Customs and Border Protection (CBP) has signaled an intention to raise rates for its Global Entry program.
In a "notice of proposed rulemaking," which will be open for comment until early November, CBP called for a "harmonization" of fees across Trusted Traveler programs, including Global Entry. But in the final analysis, the agency actually wants to hike fees.
Global Entry, which allows for low-risk travelers to breeze though customs and immigration checkpoints without lengthy waits or paperwork, currently costs $100 for five years and automatically comes with membership in TSA PreCheck.
The CBP's proposed fee for new memberships and renewals is $120, representing a 20% increase. Although that's far above the rate of inflation (since 2008, when Global Entry was introduced, that rate has been at less than 4%), it's not an outrageous hike, so the request is likely to be accepted and endorsed.
CBP claimed in its filing that "current fees do not cover the entire costs to CBP for administering these programs." That might give you a laugh when you consider the agency only restarted fulfilling applications in early September after nearly six months of not processing any.
There's good news for families in the filing. The government wants to make Global Entry free for children under 18. Currently, children must apply for and pay for memberships. If approved, this change would allow kids to gain membership without cost as long as their parents or guardians apply at the same time. If kids apply separately from their parents—for example, if both parents are already members—the fee would still be levied.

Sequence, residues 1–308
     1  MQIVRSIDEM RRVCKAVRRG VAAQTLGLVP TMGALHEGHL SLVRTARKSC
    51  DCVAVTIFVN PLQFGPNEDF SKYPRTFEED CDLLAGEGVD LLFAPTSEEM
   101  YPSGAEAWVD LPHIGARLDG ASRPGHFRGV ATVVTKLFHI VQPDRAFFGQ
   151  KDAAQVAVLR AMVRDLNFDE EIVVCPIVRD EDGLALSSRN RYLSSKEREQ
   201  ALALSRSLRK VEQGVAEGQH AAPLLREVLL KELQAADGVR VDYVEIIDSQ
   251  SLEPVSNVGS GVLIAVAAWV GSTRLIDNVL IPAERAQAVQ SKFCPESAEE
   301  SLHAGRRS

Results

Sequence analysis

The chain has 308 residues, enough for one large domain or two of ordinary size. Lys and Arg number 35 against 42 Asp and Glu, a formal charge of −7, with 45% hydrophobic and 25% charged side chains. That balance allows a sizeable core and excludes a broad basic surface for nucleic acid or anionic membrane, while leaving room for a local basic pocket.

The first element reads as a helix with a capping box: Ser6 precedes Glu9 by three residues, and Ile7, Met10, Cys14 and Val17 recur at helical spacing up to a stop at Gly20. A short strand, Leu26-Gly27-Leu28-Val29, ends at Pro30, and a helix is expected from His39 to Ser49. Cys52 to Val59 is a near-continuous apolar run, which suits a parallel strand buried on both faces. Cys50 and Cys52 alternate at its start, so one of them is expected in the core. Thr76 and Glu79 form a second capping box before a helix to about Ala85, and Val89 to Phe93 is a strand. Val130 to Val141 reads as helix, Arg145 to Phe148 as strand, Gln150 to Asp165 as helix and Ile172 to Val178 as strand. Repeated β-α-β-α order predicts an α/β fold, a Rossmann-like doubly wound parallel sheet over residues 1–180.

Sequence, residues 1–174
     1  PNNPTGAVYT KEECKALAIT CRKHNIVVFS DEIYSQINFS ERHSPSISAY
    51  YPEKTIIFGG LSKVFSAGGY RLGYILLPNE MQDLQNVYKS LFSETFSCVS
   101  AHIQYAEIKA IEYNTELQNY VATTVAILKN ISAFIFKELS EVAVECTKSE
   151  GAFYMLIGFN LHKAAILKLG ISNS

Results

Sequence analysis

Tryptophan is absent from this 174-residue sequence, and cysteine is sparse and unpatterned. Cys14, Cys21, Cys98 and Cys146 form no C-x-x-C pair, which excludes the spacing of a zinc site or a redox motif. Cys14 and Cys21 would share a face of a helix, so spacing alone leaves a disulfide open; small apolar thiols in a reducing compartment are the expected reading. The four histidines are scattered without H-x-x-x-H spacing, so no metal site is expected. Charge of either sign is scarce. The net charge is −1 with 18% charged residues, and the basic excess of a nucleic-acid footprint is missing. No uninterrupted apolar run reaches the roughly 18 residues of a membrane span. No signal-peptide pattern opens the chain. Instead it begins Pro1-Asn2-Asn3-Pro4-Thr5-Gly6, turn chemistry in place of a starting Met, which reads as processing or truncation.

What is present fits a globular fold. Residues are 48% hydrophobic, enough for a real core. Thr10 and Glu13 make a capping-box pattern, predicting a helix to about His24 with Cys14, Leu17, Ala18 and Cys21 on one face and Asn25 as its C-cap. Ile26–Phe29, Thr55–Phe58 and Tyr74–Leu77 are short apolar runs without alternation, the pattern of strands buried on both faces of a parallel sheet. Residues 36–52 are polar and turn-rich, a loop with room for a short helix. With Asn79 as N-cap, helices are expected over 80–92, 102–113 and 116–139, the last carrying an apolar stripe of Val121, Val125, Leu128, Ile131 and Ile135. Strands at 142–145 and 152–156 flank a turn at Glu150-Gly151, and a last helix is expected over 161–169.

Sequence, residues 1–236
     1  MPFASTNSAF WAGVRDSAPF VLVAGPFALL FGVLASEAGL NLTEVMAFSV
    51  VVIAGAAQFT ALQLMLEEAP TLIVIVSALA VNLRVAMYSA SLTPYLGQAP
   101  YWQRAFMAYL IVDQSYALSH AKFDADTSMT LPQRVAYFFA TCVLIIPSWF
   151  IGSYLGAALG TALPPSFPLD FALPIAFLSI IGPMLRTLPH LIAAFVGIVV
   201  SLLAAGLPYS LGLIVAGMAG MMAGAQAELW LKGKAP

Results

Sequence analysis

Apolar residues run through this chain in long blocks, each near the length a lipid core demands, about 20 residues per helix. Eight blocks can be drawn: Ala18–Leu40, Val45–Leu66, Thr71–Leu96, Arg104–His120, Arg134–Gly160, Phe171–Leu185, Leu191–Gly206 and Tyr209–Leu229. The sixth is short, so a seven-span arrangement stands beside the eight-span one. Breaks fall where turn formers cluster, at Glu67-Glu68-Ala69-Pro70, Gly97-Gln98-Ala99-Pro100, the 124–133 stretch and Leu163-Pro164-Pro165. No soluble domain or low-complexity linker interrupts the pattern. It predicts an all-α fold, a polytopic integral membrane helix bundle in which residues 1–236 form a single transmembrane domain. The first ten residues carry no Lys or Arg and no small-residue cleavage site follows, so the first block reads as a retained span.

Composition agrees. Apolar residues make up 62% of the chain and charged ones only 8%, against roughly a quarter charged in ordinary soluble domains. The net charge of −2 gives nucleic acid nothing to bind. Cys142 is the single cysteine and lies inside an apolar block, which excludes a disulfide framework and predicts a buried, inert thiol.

Applying for Global Entry is a multistep process, fully described in our post "How to Apply for TSA PreCheck or Global Entry." In normal times, the whole thing can take up to three months, culminating in a brief in-person interview.
Since those interviews can only be scheduled once an application has been approved, citizens who would like to obtain the Global Entry/TSA PreCheck package at the older, lower price would be wise to begin the application process immediately, before the increase is approved.
Several premium credit cards automatically reimburse the application cost for Global Entry.
It's worth noting that CBP says nothing in its filing about changing which forms of identification will be accepted. This spring, the Trump administration attempted to ban New Yorkers from applying for Global Entry, claiming it was impossible to administer the program if New York State refused to share background information about applicants for driver's licenses. The ban fell apart when it was revealed the Department of Homeland Security had lied in court filings in an attempt to go after undocumented immigrants. New Yorkers may again apply for and renew Global Entry memberships.